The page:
Thursday, March 13, 2008
In 1997, Austrian director Michael Haneke (Caché) made the deeply unsettling meta-thriller Funny Games. Because it was a German-language film, it was seen by relatively few Americans. A decade later, Haneke has re-made his own movie in English, with familiar actors for wider American release – because he’s never content with pissing off a few people when he can piss off a lot more.
That’s an over-simplification, of course – but probably not by much. Many who saw the original were actively angered by it, but the film’s thematic targets seemed much more appropriate within the context of American pop culture. Cinema junkies familiar with Haneke’s original have already let loose a fusillade of “why bother,” insuring that even those usually in his artistic corner now have something to complain about as well. In a film landscape dominated by artists bent on ingratiating themselves, the guy makes an impression.
But the chilling 2008 model of Funny Games reminds us that Haneke succeeds at more than mere provocation. The premise is identical to that of its predecessor: Upscale couple George (Tim Roth) and Anna (Naomi Watts) are driving to their lakeside vacation home with their son Georgie (Devon Gearheart). Upon arriving, they notice their neighbors behaving strangely, and soon receive a visit from two young men claiming to be guests of those neighbors. But Paul (Michael Pitt) and Peter (Brady Corbet), despite their clean-cut looks and white tennis clothes, aren’t particularly pleasant guests. And the games they have in mind for Anna, George and Georgie are considerably more brutal than tennis.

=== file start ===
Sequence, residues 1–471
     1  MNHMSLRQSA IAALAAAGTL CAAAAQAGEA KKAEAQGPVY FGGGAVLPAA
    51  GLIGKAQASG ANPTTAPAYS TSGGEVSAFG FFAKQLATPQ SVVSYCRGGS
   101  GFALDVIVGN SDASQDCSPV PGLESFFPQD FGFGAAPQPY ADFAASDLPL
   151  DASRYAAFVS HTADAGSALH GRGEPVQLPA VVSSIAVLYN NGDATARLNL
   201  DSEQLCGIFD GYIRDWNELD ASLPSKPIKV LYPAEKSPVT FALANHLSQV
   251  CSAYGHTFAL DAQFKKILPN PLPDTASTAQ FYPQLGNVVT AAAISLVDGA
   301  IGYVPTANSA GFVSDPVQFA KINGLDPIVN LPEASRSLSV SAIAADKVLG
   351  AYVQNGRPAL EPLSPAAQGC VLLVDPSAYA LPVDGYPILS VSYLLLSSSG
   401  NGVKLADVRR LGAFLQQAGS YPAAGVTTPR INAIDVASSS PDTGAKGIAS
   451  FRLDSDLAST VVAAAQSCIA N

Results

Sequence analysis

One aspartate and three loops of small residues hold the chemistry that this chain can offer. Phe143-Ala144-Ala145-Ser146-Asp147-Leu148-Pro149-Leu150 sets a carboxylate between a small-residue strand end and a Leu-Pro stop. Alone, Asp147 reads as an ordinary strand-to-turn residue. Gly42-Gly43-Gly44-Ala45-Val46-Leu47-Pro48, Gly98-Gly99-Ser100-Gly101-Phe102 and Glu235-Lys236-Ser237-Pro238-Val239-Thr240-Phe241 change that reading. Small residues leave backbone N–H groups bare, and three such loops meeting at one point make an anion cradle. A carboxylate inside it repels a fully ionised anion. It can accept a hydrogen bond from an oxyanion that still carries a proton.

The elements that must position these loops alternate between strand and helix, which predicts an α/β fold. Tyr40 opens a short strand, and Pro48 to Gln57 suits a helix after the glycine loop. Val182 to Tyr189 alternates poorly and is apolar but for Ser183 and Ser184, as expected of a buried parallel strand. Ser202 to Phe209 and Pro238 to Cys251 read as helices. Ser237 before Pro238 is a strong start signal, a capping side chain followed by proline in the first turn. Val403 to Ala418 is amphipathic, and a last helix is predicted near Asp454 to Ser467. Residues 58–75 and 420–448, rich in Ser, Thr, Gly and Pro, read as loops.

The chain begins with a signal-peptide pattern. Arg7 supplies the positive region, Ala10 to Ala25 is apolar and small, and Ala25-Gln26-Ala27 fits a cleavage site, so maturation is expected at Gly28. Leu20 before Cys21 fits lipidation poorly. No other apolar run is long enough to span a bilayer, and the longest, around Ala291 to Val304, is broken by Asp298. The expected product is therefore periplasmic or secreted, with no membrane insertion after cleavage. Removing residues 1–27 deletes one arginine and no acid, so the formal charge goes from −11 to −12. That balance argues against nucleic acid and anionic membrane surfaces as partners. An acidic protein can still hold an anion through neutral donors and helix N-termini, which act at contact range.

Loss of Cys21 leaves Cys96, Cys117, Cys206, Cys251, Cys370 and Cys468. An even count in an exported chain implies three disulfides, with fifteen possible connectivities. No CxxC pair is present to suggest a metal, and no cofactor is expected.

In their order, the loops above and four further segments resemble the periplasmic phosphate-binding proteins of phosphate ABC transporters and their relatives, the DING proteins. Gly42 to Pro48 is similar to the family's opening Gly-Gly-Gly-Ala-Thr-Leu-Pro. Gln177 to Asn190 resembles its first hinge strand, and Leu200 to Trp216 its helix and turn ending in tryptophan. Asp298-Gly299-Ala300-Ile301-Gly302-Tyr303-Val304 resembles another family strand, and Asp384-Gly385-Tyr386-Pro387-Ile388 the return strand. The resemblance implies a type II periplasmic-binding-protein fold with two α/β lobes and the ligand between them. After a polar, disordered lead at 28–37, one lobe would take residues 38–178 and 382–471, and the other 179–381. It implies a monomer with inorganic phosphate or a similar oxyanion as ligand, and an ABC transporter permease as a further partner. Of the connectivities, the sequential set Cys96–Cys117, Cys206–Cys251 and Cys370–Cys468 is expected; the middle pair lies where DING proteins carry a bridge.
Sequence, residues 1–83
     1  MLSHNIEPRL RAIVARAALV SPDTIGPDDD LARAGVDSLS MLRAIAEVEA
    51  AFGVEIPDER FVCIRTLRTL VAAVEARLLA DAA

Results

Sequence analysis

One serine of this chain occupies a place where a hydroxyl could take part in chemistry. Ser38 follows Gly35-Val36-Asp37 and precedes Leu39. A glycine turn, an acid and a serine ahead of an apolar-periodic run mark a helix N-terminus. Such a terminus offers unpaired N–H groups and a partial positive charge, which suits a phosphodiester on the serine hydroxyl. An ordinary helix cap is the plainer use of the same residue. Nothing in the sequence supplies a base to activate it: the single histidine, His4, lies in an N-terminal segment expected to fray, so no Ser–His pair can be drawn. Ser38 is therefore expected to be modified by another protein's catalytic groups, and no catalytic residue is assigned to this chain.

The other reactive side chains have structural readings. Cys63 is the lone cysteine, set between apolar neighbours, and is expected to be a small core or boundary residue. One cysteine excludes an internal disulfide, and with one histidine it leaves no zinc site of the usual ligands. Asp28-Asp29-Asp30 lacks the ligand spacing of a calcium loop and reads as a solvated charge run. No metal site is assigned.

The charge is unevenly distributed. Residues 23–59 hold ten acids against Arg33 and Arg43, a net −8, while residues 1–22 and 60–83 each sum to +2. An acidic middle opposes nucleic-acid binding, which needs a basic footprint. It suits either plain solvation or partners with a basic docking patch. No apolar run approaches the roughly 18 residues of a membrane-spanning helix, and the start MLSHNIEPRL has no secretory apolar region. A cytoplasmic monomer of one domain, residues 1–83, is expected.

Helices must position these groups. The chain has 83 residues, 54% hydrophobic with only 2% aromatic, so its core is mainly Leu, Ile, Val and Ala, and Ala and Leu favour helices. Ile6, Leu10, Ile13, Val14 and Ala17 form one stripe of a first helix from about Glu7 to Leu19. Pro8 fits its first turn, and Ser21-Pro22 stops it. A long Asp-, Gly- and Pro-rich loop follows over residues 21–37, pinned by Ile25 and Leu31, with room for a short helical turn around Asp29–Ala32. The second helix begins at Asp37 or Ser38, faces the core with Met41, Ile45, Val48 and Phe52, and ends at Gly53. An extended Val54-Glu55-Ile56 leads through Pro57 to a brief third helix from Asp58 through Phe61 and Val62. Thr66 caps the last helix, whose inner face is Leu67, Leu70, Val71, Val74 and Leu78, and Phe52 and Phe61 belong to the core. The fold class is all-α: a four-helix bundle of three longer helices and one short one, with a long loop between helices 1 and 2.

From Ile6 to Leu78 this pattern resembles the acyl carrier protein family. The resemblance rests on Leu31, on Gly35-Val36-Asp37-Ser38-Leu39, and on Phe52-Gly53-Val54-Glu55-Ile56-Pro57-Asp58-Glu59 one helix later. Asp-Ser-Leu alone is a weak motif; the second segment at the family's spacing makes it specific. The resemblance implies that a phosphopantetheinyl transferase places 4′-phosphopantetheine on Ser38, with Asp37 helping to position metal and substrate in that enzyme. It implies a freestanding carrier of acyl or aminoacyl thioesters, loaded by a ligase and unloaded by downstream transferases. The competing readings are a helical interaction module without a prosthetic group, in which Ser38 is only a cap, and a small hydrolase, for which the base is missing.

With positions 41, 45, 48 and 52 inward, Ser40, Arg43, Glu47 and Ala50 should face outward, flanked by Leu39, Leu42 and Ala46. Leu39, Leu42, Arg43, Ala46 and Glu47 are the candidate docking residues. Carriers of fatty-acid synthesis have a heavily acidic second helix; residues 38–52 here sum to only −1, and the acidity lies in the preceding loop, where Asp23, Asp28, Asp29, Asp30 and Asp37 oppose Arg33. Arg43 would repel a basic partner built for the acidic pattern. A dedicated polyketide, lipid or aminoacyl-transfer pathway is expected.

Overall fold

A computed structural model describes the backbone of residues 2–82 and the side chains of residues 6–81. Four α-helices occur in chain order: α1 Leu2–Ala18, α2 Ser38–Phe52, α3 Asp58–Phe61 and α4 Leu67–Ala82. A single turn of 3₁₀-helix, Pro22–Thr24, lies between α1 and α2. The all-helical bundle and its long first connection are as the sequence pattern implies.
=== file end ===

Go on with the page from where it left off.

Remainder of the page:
The basic plot mechanics aren’t the only thing that should be familiar to those who saw the 1997 version. Haneke isn’t the first foreign auteur to re-make one of his own movies in English, but what’s remarkable about Funny Games v. 2.0 is that it’s practically a shot-for-shot, word-for-word reproduction of the original. The sets are the same; the credits are the same; the music cues are the same; even the oversize sweater worn by the female lead at one point appears to be the same. There’s something remarkably, almost refreshingly arrogant about the gesture: Haneke is basically saying, “I nailed it the first time, so why mess around with superficial changes?”
And damn him, he’s right. Funny Games in both its incarnations delivers an assault on the entire idea of what we permit ourselves to find “entertaining,” by breaking down the buffers between media violence and its viewers. From the moment that Haneke dares to kill off a family pet, he begins to hammer at the expectations of his genre. His “villains” address the camera directly, taunting our helpless voyeurism; a moment of cathartic release suddenly turns into a sucker punch. Rarely has a film pushed an audience so hard to ask itself why the hell we’re watching in the first place.
But what’s remarkable about Funny Games is how masterfully Haneke manipulates emotions even as he’s reminding us repeatedly that he’s not playing fair. The dull, excruciating mechanics of simple survival dominate a single sustained take that may last seven or eight minutes, but feels infinitely longer. As a simple exercise in genre filmmaking, it’s terrifically tense, especially because there’s no way to anticipate where Haneke will go.
FUNNY GAMES (3½ ) Directed by Michael Haneke • Starring Naomi Watts, Tim Roth and Michael Pitt. • R, 107 min. • At the Osio Cinemas.